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Brad Rock: Who would a Jerry Sloan statue be for?

SALT LAKE CITY — They gather at the southeast corner of Vivint Arena from around the West and across the world, posing beneath the statues of Karl Malone and John Stockton.

For many basketball fans, it’s as close as they’ll ever get to greatness.

Now there’s a groundswell of support for a third symbol: Jerry Sloan. An online petition drive was launched last month by Jazz fan Chad Crowell. The petition has more than 2,500 signatures.

None of this drumbeat for a statue is coming from Sloan. Because he battles Lewy body dementia, he sometimes doesn’t care because he doesn’t remember. The rest of the time he doesn’t care just because he’s Jerry. He always viewed awards the way Mark Eaton regarded pesky point guards: with mild annoyance. That’s partially why Sloan never won an NBA Coach of the Year award, despite being a Hall of Fame coach.

The statue idea has been floating around since Sloan retired midseason in 2011. He was the driving force in the Jazz’s rise to prominence. COY winners Gregg Popovich and Phil Jackson were more successful, Larry Bird more famous, Doc Rivers more gregarious, Pat Riley more self-important. If you asked Sloan about awards he would grumble that they don’t win championships. Then he’d say it’s all about the players anyway.

But nowadays Sloan’s health is fading. So far there has been no announcement regarding a statue in his honor. It’s doubtful that has anything to do with respect. It would have been logistically hard to do an unveiling while the remodeling of Vivint Arena was underway, and would have detracted from the grand reopening if done simultaneously.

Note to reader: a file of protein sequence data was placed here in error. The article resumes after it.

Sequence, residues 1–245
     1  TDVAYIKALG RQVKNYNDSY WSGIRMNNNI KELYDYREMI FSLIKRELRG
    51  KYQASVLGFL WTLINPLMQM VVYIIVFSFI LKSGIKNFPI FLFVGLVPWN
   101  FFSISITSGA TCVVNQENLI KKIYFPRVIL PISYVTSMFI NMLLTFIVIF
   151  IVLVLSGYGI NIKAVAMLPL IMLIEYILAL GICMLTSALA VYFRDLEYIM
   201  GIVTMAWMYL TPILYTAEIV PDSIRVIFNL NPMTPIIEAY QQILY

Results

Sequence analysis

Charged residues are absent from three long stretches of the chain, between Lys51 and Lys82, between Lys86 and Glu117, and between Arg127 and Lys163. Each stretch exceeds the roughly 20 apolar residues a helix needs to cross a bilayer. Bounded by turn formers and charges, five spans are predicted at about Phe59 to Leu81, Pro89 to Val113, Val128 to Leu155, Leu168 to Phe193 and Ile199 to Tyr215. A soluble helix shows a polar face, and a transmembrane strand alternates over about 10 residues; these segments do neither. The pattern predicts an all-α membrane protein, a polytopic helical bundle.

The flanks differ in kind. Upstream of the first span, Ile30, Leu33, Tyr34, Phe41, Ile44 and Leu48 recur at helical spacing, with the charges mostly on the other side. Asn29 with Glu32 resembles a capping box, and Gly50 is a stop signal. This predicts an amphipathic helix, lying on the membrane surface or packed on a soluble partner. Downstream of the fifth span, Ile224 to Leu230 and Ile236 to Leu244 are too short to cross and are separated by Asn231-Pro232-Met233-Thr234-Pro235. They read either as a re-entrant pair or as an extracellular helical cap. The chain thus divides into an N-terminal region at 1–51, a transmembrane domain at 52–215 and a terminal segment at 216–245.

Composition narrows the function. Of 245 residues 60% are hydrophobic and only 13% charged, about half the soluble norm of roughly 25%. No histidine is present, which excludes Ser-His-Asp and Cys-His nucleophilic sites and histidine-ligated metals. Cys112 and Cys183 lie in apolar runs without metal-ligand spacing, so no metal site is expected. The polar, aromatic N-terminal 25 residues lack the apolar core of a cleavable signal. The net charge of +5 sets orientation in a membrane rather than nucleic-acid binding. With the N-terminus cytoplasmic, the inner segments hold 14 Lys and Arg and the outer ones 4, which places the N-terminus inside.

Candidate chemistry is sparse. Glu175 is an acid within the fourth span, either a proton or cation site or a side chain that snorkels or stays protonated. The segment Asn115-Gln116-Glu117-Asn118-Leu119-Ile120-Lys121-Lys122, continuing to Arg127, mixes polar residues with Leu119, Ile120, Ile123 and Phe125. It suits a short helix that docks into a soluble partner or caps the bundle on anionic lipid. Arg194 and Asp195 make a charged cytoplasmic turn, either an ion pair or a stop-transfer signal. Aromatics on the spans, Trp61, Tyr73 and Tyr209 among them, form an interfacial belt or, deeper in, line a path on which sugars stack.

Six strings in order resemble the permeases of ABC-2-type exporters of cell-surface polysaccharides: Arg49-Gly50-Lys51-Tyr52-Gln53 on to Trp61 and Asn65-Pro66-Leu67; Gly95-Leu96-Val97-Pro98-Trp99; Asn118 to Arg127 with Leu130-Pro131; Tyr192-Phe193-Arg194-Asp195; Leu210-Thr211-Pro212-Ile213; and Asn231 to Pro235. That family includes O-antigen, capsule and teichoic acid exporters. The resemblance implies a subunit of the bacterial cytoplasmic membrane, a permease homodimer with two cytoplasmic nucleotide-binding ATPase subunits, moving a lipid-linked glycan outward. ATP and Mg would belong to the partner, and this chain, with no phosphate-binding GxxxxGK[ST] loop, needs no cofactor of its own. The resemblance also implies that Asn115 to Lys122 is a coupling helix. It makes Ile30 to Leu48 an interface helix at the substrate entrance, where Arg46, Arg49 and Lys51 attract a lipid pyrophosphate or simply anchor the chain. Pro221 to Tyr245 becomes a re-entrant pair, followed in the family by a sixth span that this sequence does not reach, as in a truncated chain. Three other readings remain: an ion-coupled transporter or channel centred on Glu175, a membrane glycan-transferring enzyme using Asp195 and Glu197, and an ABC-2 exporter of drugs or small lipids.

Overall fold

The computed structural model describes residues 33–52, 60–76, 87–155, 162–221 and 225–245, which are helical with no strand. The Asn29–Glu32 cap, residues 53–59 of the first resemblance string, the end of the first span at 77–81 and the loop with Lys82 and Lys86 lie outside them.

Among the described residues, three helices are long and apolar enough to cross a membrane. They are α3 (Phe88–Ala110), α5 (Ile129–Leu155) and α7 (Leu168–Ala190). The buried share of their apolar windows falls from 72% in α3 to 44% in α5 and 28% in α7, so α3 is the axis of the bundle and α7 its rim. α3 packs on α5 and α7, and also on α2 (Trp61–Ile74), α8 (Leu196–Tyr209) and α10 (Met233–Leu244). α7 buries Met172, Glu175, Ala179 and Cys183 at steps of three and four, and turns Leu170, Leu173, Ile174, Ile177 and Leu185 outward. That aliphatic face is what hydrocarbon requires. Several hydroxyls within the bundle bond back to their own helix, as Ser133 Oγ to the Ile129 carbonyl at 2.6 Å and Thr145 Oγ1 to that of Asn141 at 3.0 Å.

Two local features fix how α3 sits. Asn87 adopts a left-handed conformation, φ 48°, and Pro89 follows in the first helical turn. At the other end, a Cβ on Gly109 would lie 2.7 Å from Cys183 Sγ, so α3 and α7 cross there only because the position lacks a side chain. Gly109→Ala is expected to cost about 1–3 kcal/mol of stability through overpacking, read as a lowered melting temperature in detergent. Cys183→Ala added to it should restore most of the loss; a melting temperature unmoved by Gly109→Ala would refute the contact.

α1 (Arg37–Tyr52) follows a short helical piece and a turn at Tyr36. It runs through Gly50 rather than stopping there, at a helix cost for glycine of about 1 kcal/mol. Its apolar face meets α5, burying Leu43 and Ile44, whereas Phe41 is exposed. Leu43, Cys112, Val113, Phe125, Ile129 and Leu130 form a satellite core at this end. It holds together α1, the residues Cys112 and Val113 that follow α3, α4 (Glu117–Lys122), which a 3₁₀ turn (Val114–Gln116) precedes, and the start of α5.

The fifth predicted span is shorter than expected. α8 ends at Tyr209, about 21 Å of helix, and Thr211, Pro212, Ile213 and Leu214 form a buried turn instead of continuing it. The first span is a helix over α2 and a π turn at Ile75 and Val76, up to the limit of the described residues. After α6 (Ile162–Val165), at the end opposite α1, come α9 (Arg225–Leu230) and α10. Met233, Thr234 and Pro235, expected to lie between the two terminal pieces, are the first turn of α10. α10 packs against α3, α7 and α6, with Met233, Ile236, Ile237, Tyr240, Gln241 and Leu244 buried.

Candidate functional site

A statue several years ago may have been difficult, because word of Sloan’s health battle hadn’t gone public. Now there are no such impediments.

Sloan is as much a part of the Jazz’s success story as Stockton and Malone. Just ask them.

“The younger guys might not know who Jerry Sloan is but maybe they know who Karl Malone is and that’s what he meant,” Malone told Deseret News writer Eric Woodyard. “He made me who I am. Enough said.”

Statue erecting is dicey business. Barry Bonds, baseball’s all-time home run leader, doesn’t have one at AT&T Park, thanks to his connection to PEDs. However, the Giants have been reconsidering. Sometimes things change regarding how the honoree is viewed. The removal of Joe Paterno’s likeness at Penn State was a reminder that statues aren’t necessarily forever. Norm Stewart, John Wooden, Nick Saban, Lute Olsen, Pat Summitt and numerous other coaches have been memorialized by their universities.

There is a dearth of statues among NBA coaches, though. That’s partly because few stay in one place long enough to warrant memorialization. Some won championships in multiple cities. Pro coaches routinely swap jobs.

Red Auerbach, who coached Boston to 11 championships in 16 years, is memorialized near Faneuil Hall, his cigar poised. Sloan didn’t win a title, but he led the Jazz for 23 years and was nearly as identifiable as his superstars. Other than a brief time with the Chicago Bulls, he was never a head coach elsewhere.

Sloan’s name is on a banner inside Vivint Arena, along with Eaton, Malone, Stockton, Darrell Griffith, Jeff Hornacek, Frank Layden, Larry H. Miller, Hot Rod Hundley, Adrian Dantley and Pete Maravich. Miller also has a bust inside the arena.

As the petition notes, “We all know a statue is probably the last thing Jerry wants since he has always shied away from attention, but it would be a great tribute for all he has done for our community and the Jazz organization.”

The Jazz have honored Sloan in numerous ways, including a Jerry Sloan Night. He wouldn’t much care for another ceremony, with or without good health.

At the same time, it’s time.

One Jazz fan blogged that a statue is “the least they could do for coach Sloan.”

But this wouldn’t at all be for him.

It would be for everyone who admired him from near and far.